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IPv4 Address Behaviour Today (RFC2101)

IP.com Disclosure Number: IPCOM000002655D
Original Publication Date: 1997-Feb-01
Included in the Prior Art Database: 2000-Sep-13
Document File: 11 page(s) / 29K

Publishing Venue

Internet Society Requests For Comment (RFCs)

Related People

B. Carpenter: AUTHOR [+3]

Abstract

The main purpose of this note is to clarify the current interpretation of the 32-bit IP version 4 address space, whose significance has changed substantially since it was originally defined. A short section on IPv6 addresses mentions the main points of similarity with, and difference from, IPv4.

This text was extracted from a ASCII Text document.
This is the abbreviated version, containing approximately 10% of the total text.

Network Working Group B. Carpenter

Request for Comments: 2101 J. Crowcroft

Category: Informational Y. Rekhter

IAB

February 1997

IPv4 Address Behaviour Today

Status of this Memo

This memo provides information for the Internet community. This memo

does not specify an Internet standard of any kind. Distribution of

this memo is unlimited.

Abstract

The main purpose of this note is to clarify the current

interpretation of the 32-bit IP version 4 address space, whose

significance has changed substantially since it was originally

defined. A short section on IPv6 addresses mentions the main points

of similarity with, and difference from, IPv4.

Table of Contents

1. Introduction.................................................1

2. Terminology..................................................2

3. Ideal properties.............................................3

4. Overview of the current situation of IPv4 addresses..........4

4.1. Addresses are no longer globally unique locators.........4

4.2. Addresses are no longer all temporally unique............6

4.3. Multicast and Anycast....................................7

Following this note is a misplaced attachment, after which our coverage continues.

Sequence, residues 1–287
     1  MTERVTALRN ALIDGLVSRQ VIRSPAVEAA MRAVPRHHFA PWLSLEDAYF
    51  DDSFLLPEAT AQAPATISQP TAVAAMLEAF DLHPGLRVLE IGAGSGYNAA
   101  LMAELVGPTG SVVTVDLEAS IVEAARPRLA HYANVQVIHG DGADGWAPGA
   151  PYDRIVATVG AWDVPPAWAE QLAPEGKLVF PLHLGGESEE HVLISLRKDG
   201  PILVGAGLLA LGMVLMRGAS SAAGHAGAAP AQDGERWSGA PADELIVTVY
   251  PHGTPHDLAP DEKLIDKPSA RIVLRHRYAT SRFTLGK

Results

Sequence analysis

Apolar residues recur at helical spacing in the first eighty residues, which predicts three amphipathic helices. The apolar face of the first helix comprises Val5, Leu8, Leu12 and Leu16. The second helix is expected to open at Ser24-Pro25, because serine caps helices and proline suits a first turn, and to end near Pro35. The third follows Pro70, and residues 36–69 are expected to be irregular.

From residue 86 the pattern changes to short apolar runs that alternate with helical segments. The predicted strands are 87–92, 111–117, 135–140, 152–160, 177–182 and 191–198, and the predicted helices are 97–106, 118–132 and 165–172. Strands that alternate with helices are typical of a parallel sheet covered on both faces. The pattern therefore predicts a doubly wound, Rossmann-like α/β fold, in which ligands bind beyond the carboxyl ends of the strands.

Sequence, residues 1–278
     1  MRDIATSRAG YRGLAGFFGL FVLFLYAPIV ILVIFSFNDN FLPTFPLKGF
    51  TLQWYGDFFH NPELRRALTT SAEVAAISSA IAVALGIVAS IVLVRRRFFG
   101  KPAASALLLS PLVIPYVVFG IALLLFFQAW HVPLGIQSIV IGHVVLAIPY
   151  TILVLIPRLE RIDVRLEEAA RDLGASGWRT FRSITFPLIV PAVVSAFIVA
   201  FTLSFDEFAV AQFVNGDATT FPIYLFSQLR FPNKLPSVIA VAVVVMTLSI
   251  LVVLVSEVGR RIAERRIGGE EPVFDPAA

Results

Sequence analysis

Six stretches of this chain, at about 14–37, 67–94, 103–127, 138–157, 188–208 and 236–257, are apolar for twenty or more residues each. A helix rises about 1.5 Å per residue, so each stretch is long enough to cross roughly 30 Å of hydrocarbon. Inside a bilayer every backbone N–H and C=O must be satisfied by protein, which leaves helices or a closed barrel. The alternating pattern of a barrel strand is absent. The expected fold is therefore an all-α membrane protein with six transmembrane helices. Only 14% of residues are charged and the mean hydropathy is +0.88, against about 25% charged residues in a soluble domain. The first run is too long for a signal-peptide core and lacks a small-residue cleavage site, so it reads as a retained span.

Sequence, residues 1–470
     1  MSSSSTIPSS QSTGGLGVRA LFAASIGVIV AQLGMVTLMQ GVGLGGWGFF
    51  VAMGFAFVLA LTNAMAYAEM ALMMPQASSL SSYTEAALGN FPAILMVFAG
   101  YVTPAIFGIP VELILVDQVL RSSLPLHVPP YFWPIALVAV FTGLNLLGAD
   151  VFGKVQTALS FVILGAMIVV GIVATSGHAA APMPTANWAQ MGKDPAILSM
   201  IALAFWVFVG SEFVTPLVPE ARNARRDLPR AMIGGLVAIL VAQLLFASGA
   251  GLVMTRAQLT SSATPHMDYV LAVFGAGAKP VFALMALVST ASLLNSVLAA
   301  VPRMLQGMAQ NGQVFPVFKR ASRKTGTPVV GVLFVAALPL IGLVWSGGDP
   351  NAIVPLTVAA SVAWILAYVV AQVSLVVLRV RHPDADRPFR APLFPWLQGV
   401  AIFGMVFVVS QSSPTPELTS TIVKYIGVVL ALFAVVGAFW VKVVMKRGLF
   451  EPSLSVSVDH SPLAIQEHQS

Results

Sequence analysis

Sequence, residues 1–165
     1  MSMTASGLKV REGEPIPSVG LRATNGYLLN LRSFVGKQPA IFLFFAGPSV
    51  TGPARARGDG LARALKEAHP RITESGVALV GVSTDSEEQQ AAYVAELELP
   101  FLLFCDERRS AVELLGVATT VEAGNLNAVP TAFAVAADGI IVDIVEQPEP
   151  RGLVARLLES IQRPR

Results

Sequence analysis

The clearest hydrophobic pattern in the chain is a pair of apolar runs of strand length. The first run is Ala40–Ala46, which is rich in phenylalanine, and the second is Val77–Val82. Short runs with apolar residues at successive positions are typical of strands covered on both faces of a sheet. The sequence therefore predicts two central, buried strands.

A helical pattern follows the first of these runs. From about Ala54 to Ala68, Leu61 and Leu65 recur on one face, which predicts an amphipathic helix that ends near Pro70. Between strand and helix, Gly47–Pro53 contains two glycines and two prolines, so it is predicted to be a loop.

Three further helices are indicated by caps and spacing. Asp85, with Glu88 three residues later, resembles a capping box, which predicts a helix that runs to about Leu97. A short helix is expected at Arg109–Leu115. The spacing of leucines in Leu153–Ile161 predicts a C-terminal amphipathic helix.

4.4. Summary..................................................8

5. IPv6 Considerations..........................................8

ANNEX: Current Practices for IPv4 Address Allocation & Routing..9

Security Considerations........................................10

Acknowledgements...............................................11

References.....................................................11

Authors' Addresses.............................................13

1. Introduction

The main purpose of this note is to clarify the current

interpretation of the 32-bit IP version 4 address space, whose

significance has changed substantially since it was originally

defined in 1981 [RFC 791].

This clarification is intended to assist protocol designers, product

implementors, Internet service providers, and user sites. It aims to

avoid misunderstandings about IP addresses that can result from the

substantial changes that have taken place in the last few years, as a

result of the Internet's exponential growth.

A short section on IPv6 addresses mentions the main points of

similarity with, and difference from, IPv4.

2. Terminology

It is well understood that in computer networks, the concepts of

directories, names, network addresses, and routes are separate and

must be analysed separately [RFC 1498]. However, it is also

necessary to sub-divide the concept of "network address" (abbreviated

to "address" from here on) into at least two notions, namely

"identifier" and "locator". This was perhaps less well understood

...